Faulty Optic, Snuffhouse Dustlouse

Review in Issue 12-1 | Spring 2000

Within the fantastically grotesque world they create from mismatched household objects, Faulty Optic tell a gothic tale of cruelty and revenge. The hand puppet Mabel, half-sack, half-man, is an utterly human creature.

Edgy and obsessive, absorbed in his incomprehensible, repetitive tasks, his ritualistic existence is compelling. Without a clue as to what was going on, I found myself swiftly drawn into his mad reality and moved by his strange but touchingly childlike personality. The first part of the piece explores Mabel's curious, fearful response to the intrusion of a foetus-like creature and his growing wonder at the operations of this creature's legs – limbs which Mabel lacks. Both puppets' movements and reactions are minutely observed and skilfully articulated and the dark humour of their relationship is brought out by John Winfield's witty, atmospheric sound score.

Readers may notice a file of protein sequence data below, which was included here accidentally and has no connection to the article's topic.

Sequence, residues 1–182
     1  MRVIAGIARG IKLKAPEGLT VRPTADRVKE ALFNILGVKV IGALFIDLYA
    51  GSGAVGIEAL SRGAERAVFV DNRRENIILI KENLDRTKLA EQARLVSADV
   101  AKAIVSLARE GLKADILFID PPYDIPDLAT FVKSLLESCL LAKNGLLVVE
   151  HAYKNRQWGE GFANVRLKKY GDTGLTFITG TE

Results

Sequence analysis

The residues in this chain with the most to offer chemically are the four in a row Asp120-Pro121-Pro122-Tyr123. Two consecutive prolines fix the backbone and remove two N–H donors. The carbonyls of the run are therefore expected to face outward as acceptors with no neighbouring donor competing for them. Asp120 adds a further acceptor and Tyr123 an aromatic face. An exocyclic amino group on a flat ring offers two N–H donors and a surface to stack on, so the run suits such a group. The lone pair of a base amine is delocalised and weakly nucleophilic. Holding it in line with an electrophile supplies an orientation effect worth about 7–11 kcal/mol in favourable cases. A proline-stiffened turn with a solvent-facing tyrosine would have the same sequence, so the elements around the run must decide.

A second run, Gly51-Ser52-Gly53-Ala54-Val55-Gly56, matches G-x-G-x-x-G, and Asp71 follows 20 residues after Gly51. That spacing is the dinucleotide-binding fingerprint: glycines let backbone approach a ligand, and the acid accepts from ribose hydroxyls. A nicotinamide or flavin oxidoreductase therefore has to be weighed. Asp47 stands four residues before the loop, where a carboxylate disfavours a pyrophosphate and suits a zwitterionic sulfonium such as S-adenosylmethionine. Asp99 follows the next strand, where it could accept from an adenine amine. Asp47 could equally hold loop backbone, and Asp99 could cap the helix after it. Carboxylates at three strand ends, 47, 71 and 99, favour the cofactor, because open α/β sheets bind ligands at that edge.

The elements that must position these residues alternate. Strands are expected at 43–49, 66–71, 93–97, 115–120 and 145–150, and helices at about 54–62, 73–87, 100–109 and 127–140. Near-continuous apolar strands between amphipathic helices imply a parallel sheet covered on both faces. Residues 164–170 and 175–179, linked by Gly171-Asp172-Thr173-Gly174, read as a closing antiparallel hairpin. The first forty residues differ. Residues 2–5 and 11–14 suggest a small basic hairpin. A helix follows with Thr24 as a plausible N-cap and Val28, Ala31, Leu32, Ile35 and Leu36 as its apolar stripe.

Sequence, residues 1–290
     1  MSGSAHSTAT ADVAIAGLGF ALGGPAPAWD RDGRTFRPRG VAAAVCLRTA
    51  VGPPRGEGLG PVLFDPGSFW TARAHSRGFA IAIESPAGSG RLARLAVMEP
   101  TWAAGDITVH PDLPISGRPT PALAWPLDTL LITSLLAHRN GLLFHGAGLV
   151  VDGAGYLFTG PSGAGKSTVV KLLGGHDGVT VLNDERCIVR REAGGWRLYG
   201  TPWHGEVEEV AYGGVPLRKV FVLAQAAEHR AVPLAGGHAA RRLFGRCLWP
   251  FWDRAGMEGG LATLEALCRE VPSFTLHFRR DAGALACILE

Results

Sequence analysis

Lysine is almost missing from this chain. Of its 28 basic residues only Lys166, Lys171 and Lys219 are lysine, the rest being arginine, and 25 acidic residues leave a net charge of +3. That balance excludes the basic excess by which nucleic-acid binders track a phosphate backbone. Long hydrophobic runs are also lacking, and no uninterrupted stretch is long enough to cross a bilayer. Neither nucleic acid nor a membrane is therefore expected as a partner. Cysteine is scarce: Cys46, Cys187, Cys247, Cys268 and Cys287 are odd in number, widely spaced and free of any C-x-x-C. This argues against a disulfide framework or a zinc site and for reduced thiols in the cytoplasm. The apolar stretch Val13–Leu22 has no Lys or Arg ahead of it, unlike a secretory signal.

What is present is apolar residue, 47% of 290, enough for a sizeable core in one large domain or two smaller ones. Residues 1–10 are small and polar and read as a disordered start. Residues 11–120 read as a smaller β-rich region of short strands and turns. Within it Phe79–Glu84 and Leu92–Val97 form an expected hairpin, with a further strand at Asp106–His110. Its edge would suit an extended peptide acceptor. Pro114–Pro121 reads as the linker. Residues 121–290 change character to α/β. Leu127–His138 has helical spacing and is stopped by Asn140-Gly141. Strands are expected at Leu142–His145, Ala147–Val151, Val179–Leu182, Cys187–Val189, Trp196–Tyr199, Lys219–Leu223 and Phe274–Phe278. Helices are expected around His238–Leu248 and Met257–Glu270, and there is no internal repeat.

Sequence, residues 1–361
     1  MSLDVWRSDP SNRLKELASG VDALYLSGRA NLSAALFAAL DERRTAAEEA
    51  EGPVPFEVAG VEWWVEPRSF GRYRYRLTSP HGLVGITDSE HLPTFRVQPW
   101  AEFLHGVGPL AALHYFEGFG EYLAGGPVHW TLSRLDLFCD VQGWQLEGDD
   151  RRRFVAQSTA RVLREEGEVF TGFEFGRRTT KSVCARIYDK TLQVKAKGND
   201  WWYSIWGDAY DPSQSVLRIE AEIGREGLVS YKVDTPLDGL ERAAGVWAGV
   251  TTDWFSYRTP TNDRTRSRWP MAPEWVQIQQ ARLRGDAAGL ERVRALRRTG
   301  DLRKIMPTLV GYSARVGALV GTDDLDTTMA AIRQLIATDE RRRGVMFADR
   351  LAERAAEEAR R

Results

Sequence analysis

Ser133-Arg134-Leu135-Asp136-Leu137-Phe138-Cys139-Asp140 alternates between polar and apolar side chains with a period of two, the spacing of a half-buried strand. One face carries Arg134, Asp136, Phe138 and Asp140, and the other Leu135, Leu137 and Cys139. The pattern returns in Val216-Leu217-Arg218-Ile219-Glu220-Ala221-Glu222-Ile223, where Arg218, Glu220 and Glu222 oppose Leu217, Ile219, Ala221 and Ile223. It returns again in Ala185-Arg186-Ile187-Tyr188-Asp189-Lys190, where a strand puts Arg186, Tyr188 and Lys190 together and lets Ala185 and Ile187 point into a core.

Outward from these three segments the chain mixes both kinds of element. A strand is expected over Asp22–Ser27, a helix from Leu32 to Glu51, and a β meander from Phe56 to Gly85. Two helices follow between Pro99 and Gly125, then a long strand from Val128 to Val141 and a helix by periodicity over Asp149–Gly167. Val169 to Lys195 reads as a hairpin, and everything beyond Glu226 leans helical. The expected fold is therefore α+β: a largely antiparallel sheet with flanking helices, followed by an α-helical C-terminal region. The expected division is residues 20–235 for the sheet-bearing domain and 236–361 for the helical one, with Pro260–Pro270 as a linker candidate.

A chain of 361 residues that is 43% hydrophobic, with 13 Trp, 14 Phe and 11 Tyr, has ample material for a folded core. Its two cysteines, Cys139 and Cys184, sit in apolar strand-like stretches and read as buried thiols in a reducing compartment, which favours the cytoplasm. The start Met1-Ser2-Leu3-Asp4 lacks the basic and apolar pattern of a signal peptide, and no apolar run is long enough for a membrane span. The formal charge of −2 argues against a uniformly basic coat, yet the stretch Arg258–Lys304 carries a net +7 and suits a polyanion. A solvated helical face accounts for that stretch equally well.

The middle section takes us back in time to Mabel's childhood, introducing his surreally cruel parents and explaining how he lost his legs. While I admired the wild imagination the company brought to their exposition, I found this section less engaging The parents' characters cross the line from the absurd to the ridiculous and I found the introduction of dialogue grating and unnecessary. With the return to Mabel's personal world, however, and a return to sound and music rather than speech, the atmosphere of demented extremity became once again convincing,

Faulty Optic bring great energy and imagination to the creation of their surreal worlds and are particularly impressive in their full use of all the theatrical resources available.

Presenting Artists
Presenting Venue
Date Seen
  1. Jan 2000

This article in the magazine

Issue 12-1
p. 23